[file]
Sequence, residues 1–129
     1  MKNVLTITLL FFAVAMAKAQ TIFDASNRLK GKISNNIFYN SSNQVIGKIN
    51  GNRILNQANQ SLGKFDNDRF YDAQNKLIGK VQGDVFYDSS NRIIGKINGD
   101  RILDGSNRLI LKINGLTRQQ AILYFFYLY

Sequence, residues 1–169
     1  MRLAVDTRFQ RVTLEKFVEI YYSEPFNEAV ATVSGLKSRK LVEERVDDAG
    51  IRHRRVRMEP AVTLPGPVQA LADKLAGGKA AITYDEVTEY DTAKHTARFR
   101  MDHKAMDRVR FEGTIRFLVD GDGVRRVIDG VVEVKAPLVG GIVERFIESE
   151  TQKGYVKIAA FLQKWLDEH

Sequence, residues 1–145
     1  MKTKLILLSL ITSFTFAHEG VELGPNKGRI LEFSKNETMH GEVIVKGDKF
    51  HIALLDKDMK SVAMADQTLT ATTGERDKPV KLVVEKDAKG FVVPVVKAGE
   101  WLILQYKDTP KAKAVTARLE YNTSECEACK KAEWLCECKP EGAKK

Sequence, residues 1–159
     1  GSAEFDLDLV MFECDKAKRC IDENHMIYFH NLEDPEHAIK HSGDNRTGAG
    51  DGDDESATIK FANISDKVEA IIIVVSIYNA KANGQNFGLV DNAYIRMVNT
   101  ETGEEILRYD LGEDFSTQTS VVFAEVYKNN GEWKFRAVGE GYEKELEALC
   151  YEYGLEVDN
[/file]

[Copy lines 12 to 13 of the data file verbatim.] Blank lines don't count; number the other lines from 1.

    51  HIALLDKDMK SVAMADQTLT ATTGERDKPV KLVVEKDAKG FVVPVVKAGE
   101  WLILQYKDTP KAKAVTARLE YNTSECEACK KAEWLCECKP EGAKK